“Are you sure you don’t want to talk, Scriber Dennon?” Josia’s voice interrupted my thoughts once again. Very little time had passed since she last refilled my tea, and the cup was more than half full, but she poured anyway—an obvious excuse to bother me.

“I’m fine, Josia.”

“It’s only that you seem upset,” she said. “It helps to talk about these things. I’m always here to listen.”

She meant that sincerely, I knew. Josia was one of the few truly kind people I had met in my life. She was not particularly quick-witted and her constant nattering annoyed me, but it was comforting to know there was at least one good person left in the world. Most people in Waymark—most people anywhere—only cared about other people’s problems to the extent that they made good gossip.

But for all of that, I still wished she would leave me be. “Not tonight, Josia. Please.”

She was about to reply when the creak of the front door stopped her. It was not a common sound at the Prince’s Rest, and I was grateful for the distraction.

“Excuse me, Scriber,” Josia said, and hurried over to greet the new guests. I glanced towards the door with mild curiosity as she ushered two women inside.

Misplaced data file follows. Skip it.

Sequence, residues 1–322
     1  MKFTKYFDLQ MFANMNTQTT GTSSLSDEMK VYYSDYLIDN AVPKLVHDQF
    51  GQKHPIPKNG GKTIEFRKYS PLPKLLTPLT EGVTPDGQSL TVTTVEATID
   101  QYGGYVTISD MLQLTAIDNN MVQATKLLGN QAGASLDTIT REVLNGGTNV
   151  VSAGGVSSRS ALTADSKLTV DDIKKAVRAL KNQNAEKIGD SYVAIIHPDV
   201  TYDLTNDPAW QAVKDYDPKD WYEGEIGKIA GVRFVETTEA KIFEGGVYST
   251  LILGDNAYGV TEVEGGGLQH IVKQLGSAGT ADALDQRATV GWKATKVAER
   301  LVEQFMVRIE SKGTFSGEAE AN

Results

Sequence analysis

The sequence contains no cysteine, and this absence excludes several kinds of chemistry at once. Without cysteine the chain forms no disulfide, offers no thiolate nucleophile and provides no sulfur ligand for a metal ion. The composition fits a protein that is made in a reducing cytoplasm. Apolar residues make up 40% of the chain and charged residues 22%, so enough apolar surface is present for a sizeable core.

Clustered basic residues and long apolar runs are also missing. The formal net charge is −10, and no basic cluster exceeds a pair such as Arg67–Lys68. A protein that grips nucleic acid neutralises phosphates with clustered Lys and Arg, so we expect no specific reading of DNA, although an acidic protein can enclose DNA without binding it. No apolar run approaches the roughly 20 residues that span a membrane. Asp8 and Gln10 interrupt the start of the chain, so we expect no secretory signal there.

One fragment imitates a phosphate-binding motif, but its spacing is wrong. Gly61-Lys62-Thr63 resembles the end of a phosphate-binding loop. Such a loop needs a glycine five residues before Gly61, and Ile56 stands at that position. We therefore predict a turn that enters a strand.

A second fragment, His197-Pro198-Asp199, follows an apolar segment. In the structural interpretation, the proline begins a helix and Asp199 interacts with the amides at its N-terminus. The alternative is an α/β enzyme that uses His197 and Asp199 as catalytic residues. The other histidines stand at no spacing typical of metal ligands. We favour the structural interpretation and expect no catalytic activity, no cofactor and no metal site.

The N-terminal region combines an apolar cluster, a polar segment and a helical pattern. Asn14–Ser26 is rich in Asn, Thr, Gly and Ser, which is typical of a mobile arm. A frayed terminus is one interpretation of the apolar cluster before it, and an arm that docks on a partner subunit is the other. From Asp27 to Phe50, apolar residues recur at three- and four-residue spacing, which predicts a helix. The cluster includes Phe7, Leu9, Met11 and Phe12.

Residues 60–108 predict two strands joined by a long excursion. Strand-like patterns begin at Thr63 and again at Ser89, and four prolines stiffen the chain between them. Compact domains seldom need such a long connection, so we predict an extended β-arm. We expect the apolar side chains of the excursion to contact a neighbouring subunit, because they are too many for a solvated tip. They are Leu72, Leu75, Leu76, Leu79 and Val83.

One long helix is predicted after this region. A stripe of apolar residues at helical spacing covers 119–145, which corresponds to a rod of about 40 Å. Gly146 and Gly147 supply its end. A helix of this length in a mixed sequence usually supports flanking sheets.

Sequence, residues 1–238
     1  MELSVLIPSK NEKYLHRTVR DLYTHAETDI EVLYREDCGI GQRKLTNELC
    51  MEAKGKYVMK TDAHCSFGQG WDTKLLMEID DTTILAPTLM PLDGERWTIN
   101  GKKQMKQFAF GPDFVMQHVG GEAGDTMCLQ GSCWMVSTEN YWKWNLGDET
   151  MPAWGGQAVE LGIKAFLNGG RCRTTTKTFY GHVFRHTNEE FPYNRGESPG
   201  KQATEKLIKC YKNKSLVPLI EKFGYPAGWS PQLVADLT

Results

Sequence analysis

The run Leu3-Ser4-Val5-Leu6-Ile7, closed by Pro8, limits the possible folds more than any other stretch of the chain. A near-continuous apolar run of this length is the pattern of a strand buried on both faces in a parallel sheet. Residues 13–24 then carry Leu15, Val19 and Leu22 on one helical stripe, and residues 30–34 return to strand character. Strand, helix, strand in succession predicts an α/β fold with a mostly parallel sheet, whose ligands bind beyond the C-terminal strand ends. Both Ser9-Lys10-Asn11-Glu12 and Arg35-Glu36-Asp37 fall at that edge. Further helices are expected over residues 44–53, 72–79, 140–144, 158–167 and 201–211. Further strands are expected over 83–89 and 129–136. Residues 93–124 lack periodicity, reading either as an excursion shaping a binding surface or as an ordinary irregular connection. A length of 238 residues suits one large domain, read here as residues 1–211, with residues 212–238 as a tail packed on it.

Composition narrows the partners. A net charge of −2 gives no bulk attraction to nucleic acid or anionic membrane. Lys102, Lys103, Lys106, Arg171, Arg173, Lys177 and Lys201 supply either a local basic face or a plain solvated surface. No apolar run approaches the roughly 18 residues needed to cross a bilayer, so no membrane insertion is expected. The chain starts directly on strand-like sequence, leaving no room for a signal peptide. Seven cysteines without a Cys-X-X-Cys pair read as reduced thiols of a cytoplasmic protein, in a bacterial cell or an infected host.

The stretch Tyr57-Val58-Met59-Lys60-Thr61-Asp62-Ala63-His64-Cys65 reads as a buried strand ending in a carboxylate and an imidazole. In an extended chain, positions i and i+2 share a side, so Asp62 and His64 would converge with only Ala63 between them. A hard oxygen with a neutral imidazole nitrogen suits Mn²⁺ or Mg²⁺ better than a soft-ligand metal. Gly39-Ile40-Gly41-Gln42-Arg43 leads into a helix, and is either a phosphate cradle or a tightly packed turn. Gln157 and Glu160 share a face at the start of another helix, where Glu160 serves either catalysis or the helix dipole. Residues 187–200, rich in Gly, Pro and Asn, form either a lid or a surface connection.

That was the first time I laid eyes on Bryndine Errynson.

Chapter Two

 

Though few records remain from before the Forgetting, there is little doubt that the Errynson line began approximately one thousand years ago with Erryn the Burner and his wife Aliana, the last princess of Elovia. Erryn forged his kingdom with fire, bringing his people up the Conqueror’s River and burning back the First Forest to clear the land. The Burning is considered by most historians to mark the beginning of Erryn’s reign, and the calendar of the Kingsland is measured in years After the Burning, or AB.

The family took the surname Errynson, after the barbarian tradition, and the burning tree, crimson on a brown field, became their sigil. To this day, the Errynson family is associated with fire and rebirth, and on the eve of each new year the Festival of Burning is held in their honor, during which symbols of the year gone by are burned and prayers are made for the prosperity of the Kingsland, the King, and the Errynson family.